Anti-violence programs like Chicago’s CeaseFire (not to be confused with the federal Department of Justice’s Operation Ceasefire) aim to prevent shootings by putting “violence interrupters” on the streets of high-crime communities. Typically the violence interrupters are guys who’ve had their own run-ins with the law, but who’ve supposedly embraced a better way of life; one that doesn’t involve gang violence and retaliation, or minor beefs that escalate into killings.
That street cred is important for violence interrupters to gain the confidence and respect of the high-risk individuals they’re seeking to counsel, but its also led to several CeaseFire employees getting arrested and/or fired over the past few years after they’ve been accused of continuing to take part in street gangs, drug deals, and even gun-running. The latest? Three anti-violence workers who were recently in Chicago’s bond court accused of illegally possessing guns while they were out on bond… for illegally possessing guns.
When Sendalio Williams, 25, appeared before Judge John Lyke on Saturday afternoon, it was the second time in four months that he stood in front of the same judge on a new gun charge. Prosecutors said cops watching a CPD surveillance camera feed Friday saw Williams pull a handgun out of a satchel and point it at a woman who appeared to be recording him on her phone.
Prosecutors said officers went to the scene, chased Williams, and found a loaded gun in his satchel.
Williams also appeared before Lyke on May 3. In that case, cops watching a CPD surveillance camera feed allegedly saw him fire a gun and jump into a black SUV. Police pulled the car over and allegedly found a gun in the trunk behind him. Prosecutors said he admitted to police that he fired the gun in the direction of two other men.
He was charged with aggravated discharge of a firearm and aggravated unlawful use of a weapon. Lyke ordered Williams to pay a $1,000 deposit to get out of jail on electronic monitoring in the May case, but another judge nixed the ankle monitor requirement at a later hearing, court records show.
On Saturday, after Williams was charged with a fresh unlawful use of a weapon case, his defense attorney told Lyke he studied criminal justice at Westwood College and “works with CeaseFire to educate kids about gun violence.” He’s been with the group for about two months, the attorney said.
Lyke ordered Williams held without bail for violating the terms of bond in the May case and set bail on the new gun charges at $80,000. Williams will need to post $8,000 and go onto electronic monitoring after his no-bail hold is cleared up, Lyke said.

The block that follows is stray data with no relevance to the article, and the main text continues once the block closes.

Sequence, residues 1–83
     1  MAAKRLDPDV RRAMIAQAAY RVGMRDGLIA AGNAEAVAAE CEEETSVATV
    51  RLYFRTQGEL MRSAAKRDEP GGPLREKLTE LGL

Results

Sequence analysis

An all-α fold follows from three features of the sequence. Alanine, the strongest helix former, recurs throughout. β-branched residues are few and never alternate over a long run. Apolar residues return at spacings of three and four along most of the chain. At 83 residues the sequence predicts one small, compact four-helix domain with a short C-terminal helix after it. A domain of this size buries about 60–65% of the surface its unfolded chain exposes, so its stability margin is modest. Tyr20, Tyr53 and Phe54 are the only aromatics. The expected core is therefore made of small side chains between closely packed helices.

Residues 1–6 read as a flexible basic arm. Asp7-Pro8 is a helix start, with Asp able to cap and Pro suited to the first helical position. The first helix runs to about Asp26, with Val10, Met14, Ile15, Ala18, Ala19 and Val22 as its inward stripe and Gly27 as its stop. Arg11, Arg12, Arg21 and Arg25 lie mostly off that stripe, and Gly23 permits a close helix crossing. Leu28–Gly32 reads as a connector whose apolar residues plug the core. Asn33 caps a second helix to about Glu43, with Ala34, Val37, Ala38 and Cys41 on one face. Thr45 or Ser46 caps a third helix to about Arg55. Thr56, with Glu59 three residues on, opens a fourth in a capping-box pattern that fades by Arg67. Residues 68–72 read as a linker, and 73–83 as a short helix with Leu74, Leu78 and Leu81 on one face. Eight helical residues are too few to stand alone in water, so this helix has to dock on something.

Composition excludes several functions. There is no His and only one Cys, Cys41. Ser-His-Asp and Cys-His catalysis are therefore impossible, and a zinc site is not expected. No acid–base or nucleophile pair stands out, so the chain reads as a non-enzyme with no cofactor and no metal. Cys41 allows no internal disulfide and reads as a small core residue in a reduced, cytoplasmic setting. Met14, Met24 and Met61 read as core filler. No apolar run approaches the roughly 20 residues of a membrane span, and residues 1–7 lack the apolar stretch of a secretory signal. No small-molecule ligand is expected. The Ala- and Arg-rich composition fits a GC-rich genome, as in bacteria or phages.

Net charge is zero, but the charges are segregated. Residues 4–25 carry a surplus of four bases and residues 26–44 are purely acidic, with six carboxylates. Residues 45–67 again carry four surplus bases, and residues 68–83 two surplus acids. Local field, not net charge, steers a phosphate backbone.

If Williams has only been with CeaseFire for a couple of months, it raises the question of whether the group was aware of his arrest in May when they hired him. It’s one thing to look for guys with personal experience with the criminal justice system to work as violence interrupters, but you’d think that CeaseFire would want individuals who have turned a corner and not someone who’s actively facing a felony charge.
In addition to Williams, 41-year old William Jenkins, who told the court that he’s been working to cut down on shootings for the past two years, appeared before a judge on a charge of possessing a firearm as a prohibited person. Jenkins got a 20-year sentence back in 1999 for attempted murder, but since his release from prison he’s been arrested twice in possession of a firearm.
The third anti-violence worker to appear in Chicago’s bond court in recent days was Darnell Hite, who was taken into custody after police spotted the butt of a pistol sticking out of a bag during a traffic stop. Unlike Jenkins, Hite doesn’t appear to be disqualified from owning a firearm, but neither does he have a FOID card or a concealed carry license, which means he’s facing a felony charge of unlawful use of a weapon; his second actually, since he was also arrested on the same charge back in November of 2020.
I’m all in favor of thinking outside the box when it comes to reducing violence, but there’s a reason why I prefer Operation Ceasefire to Chicago’s CeaseFire program. Operation Ceasefire also uses community outreach, but unlike the Chicago CeaseFire effort, it also has a policing and law enforcement component that refers at-risk individuals who don’t take advantage of the opportunity to change to federal prosecutors. The names of the programs may be similar to the point of confusion, but the tactics and strategies deployed are quite different, and I believe that not only is Operation Ceasefire more effective at reducing shootings, it tends to come with more oversight. Clearly, given these recent arrests, that oversight is important.. at least if you want to avoid embarrassing headlines about violence interrupters getting busted for things like illegal gun possession.